Yeah I agree. I would start the paper with “no such thing as non-commercial”. Maybe teacher has been drinking the Kool aide.

PBS also claims to be commercial free and devoid of outside influence…

Wow @Barkydog, we can surely tell what side of the fence you’re on.

The one conservative radio station in Southern Wisconsin is such a threat to you that “they must be silenced”. The Waukesha Freeman is the only conservative paper in Southern Wisconsin and I’m sure you’d like to silence them too.
After what… three years of a dragged out investigation into Walker…with no proof of wrong doing by Walker…and it’s still not enough.
One of those investigations was requested by Walker himself. Investigating (I don’t remember the guys name) who was pocketing money that was supposed to go to the disabled Vets. The liberal media hardly touched the issue, yet still kept trying to blame Walker and make it look as if he was involved.

I doubt that you noticed that many of those workers whom now had the choice to not join the union…didn’t, and many of those unions went belly up. The workers did that, not walker, he just allowed them the choice.

So Barkydog, where, and in what form should the conservative side get their message out. Or don’t you think they have the right.


@yosemite Where did I say "they must be silenced?"
None of the investigations you speak of have anything to do with the 6 felony convictions of Scott Walkers staff I mentioned. Among them (using a secret server in wlakers office for email)

"A probe into Walker’s aides and associates when he was county executive netted six convictions. Among them were Darlene Wink and Kelly Rindfleisch, who were convicted to doing political work out of Walker’s office; Wink was convicted of two misdemeanors and Rindfleisch one felony."

To keep this car related I will send you a bumper sticker saying “Run Scott Walker” as long as you promise to put it on your front bumper.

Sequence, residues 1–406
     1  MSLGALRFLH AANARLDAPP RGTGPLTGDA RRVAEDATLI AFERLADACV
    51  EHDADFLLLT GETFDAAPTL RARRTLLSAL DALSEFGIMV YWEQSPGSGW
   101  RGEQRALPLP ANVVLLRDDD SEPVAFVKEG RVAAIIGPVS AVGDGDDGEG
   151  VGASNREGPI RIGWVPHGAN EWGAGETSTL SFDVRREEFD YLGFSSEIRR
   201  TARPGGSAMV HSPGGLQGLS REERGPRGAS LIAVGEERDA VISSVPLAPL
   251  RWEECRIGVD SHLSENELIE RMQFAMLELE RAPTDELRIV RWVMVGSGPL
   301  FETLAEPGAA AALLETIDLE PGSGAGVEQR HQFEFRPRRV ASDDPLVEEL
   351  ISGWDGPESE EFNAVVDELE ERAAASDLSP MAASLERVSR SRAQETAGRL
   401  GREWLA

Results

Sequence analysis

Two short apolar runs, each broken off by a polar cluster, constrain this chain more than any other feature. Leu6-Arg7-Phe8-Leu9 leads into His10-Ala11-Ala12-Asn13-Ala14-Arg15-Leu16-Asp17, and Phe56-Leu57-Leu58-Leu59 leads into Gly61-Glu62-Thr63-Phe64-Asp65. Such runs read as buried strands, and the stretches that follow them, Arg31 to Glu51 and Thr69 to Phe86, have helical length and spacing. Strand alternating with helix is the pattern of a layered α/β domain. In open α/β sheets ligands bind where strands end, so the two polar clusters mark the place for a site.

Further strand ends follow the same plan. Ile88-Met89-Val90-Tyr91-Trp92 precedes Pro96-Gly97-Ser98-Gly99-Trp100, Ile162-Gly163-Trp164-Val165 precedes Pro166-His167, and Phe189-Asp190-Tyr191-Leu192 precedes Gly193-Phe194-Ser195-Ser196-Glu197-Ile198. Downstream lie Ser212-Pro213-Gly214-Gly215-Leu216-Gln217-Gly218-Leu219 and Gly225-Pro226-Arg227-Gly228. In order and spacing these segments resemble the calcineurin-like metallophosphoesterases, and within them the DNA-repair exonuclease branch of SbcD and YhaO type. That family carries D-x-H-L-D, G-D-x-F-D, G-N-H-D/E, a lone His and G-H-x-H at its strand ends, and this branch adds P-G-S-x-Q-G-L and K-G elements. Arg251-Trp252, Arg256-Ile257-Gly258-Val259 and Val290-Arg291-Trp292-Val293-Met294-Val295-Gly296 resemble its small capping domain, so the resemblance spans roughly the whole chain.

Morning - I admit I know nothing about Wisconsin politics…but @Yosemite, in fairness I didn’t see @Barkydog say anything about silencing the conservative Wisconsin media. But above all of that, this thread has gone way outside the car/Car Talk-related realm. I think there’s lots you would agree on when it comes to that. :smile:

Sorry @Cdaquila, maybe I took @Barkydogs comments wrong, but it sounded to me like the typical liberal rant to silence the conservative voice.

@Barkydog just needs to “Turn the dial”.

I do when NPR interviews anyone concerning politics. They know what side their bread is buttered on and you can hear them interrupt and cut short any conservative, but give the liberal side free rein to make any statement they want…no matter how absurd.

Many shows are great that are on NPR and I appreciate that there is so little commercial interruption. The commercial time taken in a show is so far from what it was years ago on Radio and TV. Sometimes I wonder why we have to pay for cable TV…don’t they make enough off all the commercials. Stations did years ago before cable and we got the signal over the air.

I listen every Saturday …most of the day…until that goof that narrates his travel stories comes on. Then I have to silence him, turning the dial.

And Car Talk is still the best.